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# What are Compa, Compa(\$) and Compa(eq)?

## While Compa is a widely-used industry term, a primer can be useful, and compa(eq) definitely needs an introduction.

The term "Compa" or "Compa ratio" is widely used in the industry to denote the ratio of an employee's salary to the target or center of their salary range.

Employee salary: \$90k

Salary target: \$100k

Compa ratio: 0.9

We use compa ratio throughout Compaas to provide a single-measure view of how far an employee is from their target salary. Often we highlight especially low or high compa ratios.

We call it Compa(\$) to show that it's calculated using only cash (often but not always the base salary). That's normal, but we also calculate Compa(eq) as equity-adjusted compa ratio for every employee. Compa(eq) is calculated from:

• An employee's salary
• An employee's stock option and/or RSU grants that they are vesting this year
• The company's estimated or actual stock price
• The salary band target salary for that employee
• How much equity other employees in the same salary band have this year

Now we can see if the same employees who have low compa(\$) and might be falling behind on salary, are actually well-compensated with stock options.

In this case, Ellen Landers has a lot of stock or options at a low price, compared to her peers, so her compa(eq) is actually fairly high.

If an employee's compa(eq) is lower than their compa(\$), it may mean that they don't have stock. Since they are compared to their peers, if their peers do have stock, this would make the individual's compa(eq) lower.

### What values should compa(\$) and compa(eq) have?

Although ratios and "target salary" imply that 1.0 is the right value, 1.0 does not always indicate right value! It depends on a company's philosophy and compensation decisions.

In some companies, early employees are brought in at the low-end of the salary range in most cases. Newly-promoted employees are also given only enough of a raise to bring them into the lower part of the salary range for their new role. In these companies, a cluster of new employees may have a low compa ratio average like 0.89. Conversely, a team with a bunch of employees who have been doing the same job for a few years, would tend to have salaries near the top of the salary range and thus an average compa ratio more like 1.12.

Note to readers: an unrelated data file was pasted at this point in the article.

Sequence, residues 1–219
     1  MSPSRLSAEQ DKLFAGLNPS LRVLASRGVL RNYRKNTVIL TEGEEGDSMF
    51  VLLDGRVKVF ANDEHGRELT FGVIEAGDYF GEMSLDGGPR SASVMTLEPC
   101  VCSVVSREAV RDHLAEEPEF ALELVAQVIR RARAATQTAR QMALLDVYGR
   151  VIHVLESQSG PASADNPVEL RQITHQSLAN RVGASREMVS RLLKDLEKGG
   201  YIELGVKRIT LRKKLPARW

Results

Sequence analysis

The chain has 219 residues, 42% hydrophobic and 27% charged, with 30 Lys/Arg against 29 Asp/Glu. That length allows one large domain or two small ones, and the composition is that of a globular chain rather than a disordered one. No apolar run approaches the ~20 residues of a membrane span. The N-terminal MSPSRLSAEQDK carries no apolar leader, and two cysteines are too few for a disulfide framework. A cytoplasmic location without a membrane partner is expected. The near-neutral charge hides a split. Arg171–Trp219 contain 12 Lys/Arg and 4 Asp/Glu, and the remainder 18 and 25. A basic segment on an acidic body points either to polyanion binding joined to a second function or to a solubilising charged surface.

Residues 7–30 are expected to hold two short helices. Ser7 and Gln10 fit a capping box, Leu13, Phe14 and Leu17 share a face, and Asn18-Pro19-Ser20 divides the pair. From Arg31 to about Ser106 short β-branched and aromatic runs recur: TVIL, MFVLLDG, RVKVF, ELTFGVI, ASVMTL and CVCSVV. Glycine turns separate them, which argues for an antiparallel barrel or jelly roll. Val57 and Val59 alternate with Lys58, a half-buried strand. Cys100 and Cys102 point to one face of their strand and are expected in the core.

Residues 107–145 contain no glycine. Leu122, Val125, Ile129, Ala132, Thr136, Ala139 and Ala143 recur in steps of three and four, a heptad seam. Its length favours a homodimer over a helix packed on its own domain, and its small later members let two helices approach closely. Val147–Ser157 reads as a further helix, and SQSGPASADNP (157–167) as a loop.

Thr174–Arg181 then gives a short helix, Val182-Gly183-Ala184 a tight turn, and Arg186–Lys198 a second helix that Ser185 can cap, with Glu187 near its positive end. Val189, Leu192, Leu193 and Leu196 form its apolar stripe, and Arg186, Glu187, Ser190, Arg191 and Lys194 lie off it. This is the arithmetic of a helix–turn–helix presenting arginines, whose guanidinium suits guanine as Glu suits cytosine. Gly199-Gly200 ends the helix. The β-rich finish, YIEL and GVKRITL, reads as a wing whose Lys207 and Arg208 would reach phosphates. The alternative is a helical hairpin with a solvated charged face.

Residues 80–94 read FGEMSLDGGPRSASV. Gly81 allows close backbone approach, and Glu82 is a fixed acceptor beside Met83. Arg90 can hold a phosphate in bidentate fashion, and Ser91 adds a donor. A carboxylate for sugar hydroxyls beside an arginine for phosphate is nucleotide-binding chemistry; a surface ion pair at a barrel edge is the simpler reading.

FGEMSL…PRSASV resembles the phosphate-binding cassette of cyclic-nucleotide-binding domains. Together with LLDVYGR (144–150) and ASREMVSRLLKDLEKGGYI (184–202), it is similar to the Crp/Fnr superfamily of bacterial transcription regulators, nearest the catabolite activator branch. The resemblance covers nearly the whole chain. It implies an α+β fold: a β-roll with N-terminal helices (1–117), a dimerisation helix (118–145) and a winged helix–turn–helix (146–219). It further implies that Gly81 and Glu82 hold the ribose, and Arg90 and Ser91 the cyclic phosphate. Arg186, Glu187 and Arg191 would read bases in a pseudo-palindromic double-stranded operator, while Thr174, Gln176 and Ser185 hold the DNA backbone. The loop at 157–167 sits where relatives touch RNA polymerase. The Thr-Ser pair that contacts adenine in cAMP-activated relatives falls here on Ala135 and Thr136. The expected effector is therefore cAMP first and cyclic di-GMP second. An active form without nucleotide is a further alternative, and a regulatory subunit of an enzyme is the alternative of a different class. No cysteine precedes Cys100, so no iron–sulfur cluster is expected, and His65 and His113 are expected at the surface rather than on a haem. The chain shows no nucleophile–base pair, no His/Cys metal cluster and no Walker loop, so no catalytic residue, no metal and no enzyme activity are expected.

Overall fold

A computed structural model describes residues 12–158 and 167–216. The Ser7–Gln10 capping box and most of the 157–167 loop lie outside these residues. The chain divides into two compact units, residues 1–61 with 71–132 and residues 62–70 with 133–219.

What compa(\$) is too low? What compa(\$) is too high? We don't have a hard and fast answer for this either. In fact, a compa ratio that is "too low" for a salary band with a narrow range, may be perfectly find for a salary band for a wide range. It's also quite common for salary band ranges to get wider at the more senior levels of employment, meaning there's more discretion in pay and possibly more variance. In this example company, an employee in the job grade "Ops level 1" with a salary of \$50k would be have a compa of 1.13, yet be out of the range. On the other hand an employee in the grade "Ops level 6" with a salary of \$141k would also have a compa of 1.13 and be well within band.

Where we wanted to show a "sweet spot" for compa ratios, we used the range from 0.85 to 1.15 as a moderate range - not very tight, not very wide.

But the sweet spot is just to draw the eye and help give some context. It's not intended as a rule.

### What number tells me who is out of band?

Since compa doesn't explicitly tell you whether an employee is out of band, we created different visualizations to show which employees are out of band.

Also, in some places we show band penetration (employee's salary as a percentage of the way from bottom to top of range) instead of compa ratios. This is especially helpful where Compaas helps companies communicate about total compensation to managers and employees throughout the company.